Darryl Banks, Vice President for Energy Policy at the Center for American Progress, will discuss the opportunities for WTE to reduce GHGs during Session 2 of the North American Waste-to-Energy Conference in Reston, VA on May 8.  Please visit www.nawtec.org to register.

LCSWMA Acquires the Harrisburg WTE Facility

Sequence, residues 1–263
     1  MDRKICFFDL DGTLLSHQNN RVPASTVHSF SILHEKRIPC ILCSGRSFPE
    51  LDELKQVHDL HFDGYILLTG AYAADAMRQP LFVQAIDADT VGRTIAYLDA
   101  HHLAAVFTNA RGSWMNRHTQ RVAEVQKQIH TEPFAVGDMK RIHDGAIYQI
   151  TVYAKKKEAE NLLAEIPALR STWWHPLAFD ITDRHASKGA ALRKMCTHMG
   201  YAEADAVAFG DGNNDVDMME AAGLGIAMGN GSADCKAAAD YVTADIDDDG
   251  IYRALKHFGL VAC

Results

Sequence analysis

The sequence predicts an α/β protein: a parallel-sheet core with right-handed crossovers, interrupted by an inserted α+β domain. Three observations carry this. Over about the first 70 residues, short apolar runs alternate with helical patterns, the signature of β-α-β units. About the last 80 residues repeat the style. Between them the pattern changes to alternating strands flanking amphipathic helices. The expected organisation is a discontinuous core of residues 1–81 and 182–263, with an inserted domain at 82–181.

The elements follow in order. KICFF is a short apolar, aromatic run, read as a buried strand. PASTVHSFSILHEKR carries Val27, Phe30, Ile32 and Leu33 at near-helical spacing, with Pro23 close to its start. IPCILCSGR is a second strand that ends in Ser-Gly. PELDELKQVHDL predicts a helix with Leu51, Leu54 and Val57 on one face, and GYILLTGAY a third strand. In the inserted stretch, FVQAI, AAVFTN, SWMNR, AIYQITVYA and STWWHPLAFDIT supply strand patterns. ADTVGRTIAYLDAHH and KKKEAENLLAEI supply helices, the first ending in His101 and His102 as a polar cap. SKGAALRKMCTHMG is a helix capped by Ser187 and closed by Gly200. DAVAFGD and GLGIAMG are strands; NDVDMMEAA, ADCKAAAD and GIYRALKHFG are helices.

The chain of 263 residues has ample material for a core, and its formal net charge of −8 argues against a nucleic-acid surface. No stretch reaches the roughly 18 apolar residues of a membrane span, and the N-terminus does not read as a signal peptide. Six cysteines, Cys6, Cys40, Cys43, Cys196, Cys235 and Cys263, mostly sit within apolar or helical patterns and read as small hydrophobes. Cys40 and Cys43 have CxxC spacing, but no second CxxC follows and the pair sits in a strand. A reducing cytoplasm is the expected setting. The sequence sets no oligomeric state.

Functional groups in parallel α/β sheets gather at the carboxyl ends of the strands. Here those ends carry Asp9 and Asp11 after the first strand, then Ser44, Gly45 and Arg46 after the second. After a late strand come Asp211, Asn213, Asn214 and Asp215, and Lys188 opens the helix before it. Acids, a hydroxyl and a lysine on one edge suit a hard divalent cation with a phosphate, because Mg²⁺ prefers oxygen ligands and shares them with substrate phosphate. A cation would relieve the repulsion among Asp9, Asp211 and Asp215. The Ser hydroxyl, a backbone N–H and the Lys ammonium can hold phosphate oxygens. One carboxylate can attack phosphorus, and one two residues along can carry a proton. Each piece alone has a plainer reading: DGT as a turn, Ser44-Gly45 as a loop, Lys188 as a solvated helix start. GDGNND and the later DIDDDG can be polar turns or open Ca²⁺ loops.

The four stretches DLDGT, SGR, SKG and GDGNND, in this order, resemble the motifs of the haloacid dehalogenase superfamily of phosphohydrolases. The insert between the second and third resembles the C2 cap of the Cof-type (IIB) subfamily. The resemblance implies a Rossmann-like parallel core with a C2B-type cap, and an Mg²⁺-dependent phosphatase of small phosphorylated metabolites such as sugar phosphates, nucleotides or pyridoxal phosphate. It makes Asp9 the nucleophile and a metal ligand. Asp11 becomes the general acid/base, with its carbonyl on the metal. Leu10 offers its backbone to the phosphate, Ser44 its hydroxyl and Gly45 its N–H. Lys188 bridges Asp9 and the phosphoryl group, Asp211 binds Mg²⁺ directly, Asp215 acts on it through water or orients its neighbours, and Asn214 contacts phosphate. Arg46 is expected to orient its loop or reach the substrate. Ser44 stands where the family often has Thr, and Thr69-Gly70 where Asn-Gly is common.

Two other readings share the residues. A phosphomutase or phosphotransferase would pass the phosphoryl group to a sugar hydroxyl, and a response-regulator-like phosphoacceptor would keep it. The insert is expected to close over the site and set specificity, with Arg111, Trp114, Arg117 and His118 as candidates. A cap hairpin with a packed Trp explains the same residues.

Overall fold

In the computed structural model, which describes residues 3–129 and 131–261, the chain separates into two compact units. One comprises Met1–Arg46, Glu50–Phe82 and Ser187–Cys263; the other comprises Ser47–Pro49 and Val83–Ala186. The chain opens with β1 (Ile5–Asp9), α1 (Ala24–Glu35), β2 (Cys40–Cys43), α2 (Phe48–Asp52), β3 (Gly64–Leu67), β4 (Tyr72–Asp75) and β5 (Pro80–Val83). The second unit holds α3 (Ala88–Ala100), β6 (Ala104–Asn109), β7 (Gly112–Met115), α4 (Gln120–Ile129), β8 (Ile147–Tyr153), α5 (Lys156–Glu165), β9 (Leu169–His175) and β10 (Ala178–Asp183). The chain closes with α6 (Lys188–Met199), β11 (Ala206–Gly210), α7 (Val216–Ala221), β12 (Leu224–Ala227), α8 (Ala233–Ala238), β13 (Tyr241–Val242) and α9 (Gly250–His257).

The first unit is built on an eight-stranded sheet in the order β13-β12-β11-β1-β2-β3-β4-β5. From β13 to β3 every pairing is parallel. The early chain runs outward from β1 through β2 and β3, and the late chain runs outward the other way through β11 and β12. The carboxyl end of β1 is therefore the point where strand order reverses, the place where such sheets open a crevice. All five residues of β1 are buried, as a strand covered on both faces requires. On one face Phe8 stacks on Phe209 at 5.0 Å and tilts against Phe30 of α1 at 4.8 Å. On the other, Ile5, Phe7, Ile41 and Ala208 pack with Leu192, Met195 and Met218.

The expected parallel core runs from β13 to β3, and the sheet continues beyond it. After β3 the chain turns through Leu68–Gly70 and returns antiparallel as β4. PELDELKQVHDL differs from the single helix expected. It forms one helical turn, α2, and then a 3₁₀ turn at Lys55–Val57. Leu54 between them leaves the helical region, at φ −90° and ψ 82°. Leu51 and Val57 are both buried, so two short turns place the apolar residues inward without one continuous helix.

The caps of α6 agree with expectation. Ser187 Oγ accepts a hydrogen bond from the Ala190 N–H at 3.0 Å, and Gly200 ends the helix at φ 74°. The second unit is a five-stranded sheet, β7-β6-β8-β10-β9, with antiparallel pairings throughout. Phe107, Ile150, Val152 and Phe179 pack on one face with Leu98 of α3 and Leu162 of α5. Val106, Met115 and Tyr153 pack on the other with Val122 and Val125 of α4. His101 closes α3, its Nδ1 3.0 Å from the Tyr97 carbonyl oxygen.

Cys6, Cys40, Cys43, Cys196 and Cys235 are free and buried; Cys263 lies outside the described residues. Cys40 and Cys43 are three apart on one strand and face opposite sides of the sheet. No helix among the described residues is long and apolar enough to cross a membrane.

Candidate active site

The Lancaster County Solid Waste Management Authority (LCSWMA) has officially acquired the Susquehanna Resource Management Complex (SRMC), formerly known as the Harrisburg Resource Recovery Facility, for a total purchase price of $129,890,000.  The purchase is supported by 20-year waste disposal contracts with the City of Harrisburg and Dauphin County, in addition to a 20-year power purchase agreement with the Commonwealth of Pennsylvania’s Department of General Services.  This project is the first public to public acquisition of a waste-to-energy facility in the United States and was a key ingredient in relieving the distressed City of Harrisburg from over $360 million of debt.  LCSWMA’s newly expanded system will now manage approximately 900,000 tons of solid waste with annual revenues of approximately $85 million.  “This innovative, strategic acquisition will provide the region with future waste processing capacity and offer additional flexibility to LCSWMA’s already robust Integrated System,” said James Warner, LCSWMA’s CEO.  Covanta Energy will continue operating the WTE facility portion of the site under an amended agreement with LCSWMA.  LCSWMA’s business plan includes a series of capital improvements to the site over the next four years totaling $18.25 million, including: installing new scales and implementing traffic flow patterns to improve on-site time for customers; constructing a new small vehicle drop-off building for residents and deliveries of construction/demolition waste; purchasing equipment for upgrades to the WTE facility; expanding the current tipping floor; constructing a new building for ash storage; revamping the current site entrances; and implementing extensive landscaping work.